That's the sound of Tiger Woods cracking his five iron on a tree at Augusta. And I think I just heard Serena Williams smashing a racquet onto the court at the Australian Open.
The point is this—athletes break stuff. It's just what happens in sports.
Water coolers get pummeled in rage, bats are shattered by pitches and each item is replaced in turn by a twin from the equipment room. And the world spins on.
The following videos are some of the best equipment explosions caught on tape. Some are intentional demolitions; others are completely random accidents of chance.
But all them end in the athletes (or custodians) picking up the pieces.
This is less of a hockey fight and more of a Super Smash Bros. attack.
One of these hockey players attempts to initiate a fight and ends up the recipient of a double-handed overhead power-chop to the helmet for his troubles.
Attacks like this usually only occur after a deep voice cries, "FINISH HIM!"
“I went in for it and my pole just exploded. Hurt like hell.”
To make what already appears to be a high-risk/low-reward sport even more unattractive, it would appear that “equipment malfunction” can now be added alongside “sack-gouging” on the long list of terrible things that can happen while pole-vaulting.
“Made in America.”
Cliff Pennington appeared to be going for the world record in unintentionally broken bats when he cracked, split and then shattered three bats in three consecutive pitches.
We can only assume this batch of Louisville Sluggers was outsourced to Myanmar or "Imported From Detroit."
Having never played cricket before, I have no idea how it would feel to be struck by a cricket ball.
But after watching England’s Andrew Flintoff have his visor nearly caved-in by this pitch, I can only assume the experience could cause the involuntary befouling of one’s trousers.
NASCAR is a sport designed around athletes breaking their equipment.
And instead of engaging in the age-old argument over whether drivers are athletes or not, how about we watch this video of Kyle Busch purposely plowing Ron Hornaday into a wall at 130-plus mph.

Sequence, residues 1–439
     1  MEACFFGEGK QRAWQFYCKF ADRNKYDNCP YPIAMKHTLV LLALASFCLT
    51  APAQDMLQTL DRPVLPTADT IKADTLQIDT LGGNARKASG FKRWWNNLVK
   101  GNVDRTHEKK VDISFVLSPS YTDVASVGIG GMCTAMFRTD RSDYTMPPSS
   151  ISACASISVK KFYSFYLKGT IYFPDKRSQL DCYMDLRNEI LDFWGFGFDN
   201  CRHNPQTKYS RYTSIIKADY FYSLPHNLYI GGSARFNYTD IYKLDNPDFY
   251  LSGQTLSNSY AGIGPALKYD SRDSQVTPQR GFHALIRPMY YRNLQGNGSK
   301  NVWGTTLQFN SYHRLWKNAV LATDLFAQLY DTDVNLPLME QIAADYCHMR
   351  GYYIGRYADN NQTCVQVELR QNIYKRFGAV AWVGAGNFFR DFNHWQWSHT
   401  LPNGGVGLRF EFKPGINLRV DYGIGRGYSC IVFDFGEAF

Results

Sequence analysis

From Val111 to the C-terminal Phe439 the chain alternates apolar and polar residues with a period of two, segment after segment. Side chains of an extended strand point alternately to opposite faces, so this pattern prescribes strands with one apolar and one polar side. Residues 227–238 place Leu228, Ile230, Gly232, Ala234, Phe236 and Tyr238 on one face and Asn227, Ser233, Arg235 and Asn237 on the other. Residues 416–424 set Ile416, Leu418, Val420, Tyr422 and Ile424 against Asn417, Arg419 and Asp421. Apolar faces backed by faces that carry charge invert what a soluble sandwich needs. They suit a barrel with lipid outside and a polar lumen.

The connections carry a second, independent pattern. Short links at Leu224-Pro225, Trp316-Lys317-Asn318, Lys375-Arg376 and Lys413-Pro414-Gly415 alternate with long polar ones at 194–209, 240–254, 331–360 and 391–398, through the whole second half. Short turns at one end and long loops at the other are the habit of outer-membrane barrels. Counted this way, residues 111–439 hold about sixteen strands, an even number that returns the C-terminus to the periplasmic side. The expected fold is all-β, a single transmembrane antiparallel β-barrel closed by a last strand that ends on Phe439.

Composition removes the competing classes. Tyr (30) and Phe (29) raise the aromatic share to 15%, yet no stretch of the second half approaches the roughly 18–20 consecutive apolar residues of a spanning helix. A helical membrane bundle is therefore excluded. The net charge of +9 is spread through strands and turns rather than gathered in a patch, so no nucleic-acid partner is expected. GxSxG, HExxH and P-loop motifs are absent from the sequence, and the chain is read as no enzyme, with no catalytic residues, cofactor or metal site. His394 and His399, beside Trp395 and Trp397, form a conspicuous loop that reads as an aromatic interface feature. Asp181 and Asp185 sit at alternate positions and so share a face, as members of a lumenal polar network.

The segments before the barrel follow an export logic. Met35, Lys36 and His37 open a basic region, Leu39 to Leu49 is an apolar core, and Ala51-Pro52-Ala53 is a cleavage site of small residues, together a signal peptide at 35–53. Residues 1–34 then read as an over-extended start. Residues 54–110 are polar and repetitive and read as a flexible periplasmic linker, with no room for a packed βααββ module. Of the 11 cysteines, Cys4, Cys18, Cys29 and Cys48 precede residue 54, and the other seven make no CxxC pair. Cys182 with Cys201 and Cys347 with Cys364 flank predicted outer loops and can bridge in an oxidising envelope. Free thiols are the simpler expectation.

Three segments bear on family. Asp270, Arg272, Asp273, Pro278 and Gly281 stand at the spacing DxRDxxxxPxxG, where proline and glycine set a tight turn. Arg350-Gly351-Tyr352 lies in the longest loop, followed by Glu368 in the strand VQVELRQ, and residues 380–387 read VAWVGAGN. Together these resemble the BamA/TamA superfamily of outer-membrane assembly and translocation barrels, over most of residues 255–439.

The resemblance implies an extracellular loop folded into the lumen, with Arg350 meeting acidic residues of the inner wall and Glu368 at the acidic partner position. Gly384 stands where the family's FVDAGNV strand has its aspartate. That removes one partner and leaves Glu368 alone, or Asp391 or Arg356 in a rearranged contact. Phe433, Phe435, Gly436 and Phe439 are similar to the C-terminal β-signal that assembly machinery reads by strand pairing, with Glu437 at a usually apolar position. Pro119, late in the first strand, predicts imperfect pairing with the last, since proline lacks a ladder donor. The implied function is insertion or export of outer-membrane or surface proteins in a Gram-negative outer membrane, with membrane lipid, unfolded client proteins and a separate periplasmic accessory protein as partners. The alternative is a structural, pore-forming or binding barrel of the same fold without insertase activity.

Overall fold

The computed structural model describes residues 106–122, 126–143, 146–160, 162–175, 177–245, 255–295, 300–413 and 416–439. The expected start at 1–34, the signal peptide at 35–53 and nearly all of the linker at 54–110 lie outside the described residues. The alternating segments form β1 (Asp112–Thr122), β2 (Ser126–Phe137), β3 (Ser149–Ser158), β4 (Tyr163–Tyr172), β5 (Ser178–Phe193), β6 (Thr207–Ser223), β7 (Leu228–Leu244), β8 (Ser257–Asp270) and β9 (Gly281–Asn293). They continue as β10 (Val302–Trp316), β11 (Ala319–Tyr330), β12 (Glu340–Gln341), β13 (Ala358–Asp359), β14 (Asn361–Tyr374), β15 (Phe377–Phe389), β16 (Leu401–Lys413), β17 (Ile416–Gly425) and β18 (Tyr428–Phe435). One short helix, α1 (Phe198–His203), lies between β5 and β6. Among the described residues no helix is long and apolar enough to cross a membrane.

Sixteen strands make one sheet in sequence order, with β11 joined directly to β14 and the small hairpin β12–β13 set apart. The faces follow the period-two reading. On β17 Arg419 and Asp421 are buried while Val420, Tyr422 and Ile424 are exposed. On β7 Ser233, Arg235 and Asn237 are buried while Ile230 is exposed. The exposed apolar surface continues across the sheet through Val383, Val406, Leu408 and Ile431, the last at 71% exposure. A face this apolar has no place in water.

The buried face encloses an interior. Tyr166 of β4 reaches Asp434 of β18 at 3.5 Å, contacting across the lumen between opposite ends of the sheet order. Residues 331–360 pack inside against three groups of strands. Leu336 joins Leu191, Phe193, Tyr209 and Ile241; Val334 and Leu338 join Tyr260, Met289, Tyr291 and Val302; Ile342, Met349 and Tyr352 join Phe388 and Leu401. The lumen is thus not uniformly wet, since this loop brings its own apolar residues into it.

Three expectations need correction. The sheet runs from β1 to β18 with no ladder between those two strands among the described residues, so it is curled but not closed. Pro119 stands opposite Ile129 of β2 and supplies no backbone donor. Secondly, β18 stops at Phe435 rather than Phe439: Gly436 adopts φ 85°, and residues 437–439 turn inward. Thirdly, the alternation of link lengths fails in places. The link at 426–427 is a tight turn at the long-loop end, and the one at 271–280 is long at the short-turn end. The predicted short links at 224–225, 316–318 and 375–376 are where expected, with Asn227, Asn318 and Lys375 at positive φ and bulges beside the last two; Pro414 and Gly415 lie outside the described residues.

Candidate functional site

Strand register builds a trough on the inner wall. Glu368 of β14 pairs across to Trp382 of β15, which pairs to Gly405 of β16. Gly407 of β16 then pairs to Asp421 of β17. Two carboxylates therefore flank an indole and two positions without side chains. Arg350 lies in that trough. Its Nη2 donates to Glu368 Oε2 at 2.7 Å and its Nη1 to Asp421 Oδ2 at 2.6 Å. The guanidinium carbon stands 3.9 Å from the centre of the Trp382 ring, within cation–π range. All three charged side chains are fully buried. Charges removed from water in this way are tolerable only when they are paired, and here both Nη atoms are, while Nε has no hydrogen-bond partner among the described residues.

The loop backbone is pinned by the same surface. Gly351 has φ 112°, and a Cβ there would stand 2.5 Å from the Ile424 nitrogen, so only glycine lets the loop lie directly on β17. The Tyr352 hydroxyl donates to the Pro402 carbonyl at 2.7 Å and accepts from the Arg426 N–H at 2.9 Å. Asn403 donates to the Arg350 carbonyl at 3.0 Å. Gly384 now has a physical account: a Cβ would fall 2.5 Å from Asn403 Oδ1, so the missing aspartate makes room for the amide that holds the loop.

Looks a lot like the wreck that took Dale Earnhardt Sr. from us.
That’s why you don’t buy cheap aluminum shafts. Bra.
One truly is the loneliest number.
That’s presumably why Cypriot tennis player Marcos Baghdatis took the time to mangle four separate racquets between sets at the Australian Open in 2012.
The crowd cheers as he breaks the first and screams as he breaks the second. The mashing of the third and fourth racquets—still in their protective covering—draw a Coliseum-like roar from the masses.
And all I see: $1,000-plus in money being thrown out the window—money that could’ve fed the hungry but was much more rewardingly spent in providing us all with this amazing footage.
“Tiger... ooh... there goes the shaft...”
After getting stuck with a miserable shot behind a tree on the 11th hole at the 2007 Masters, Tiger Woods decided to make a sacrifice in a wild attempt to save par.
Woods hit through the ball—wrapping his club around a pine tree in the process—and managed to get the ball back onto the fairway. And yes, he ended up parring the hole.
Finally! An attack player who gets what he deserves for attempting another dangerous one-handed slash.
I hope the top half of this guy's stick flew into a nearby parking lot and the head was ran over by his best friend’s car. And then his best friend was like, “Hey Steve, you’re a lazy jackass for one-handed slashing people on the field. By the way, I made out with your girlfriend last night and ate all your Snack Packs."
That’s justice...What were we talking about?
It’s difficult to see at first, but if you look closely, you can see English cricket player Andrew Strauss break his own sunglasses by fielding a cricket ball against South Africa in 2012.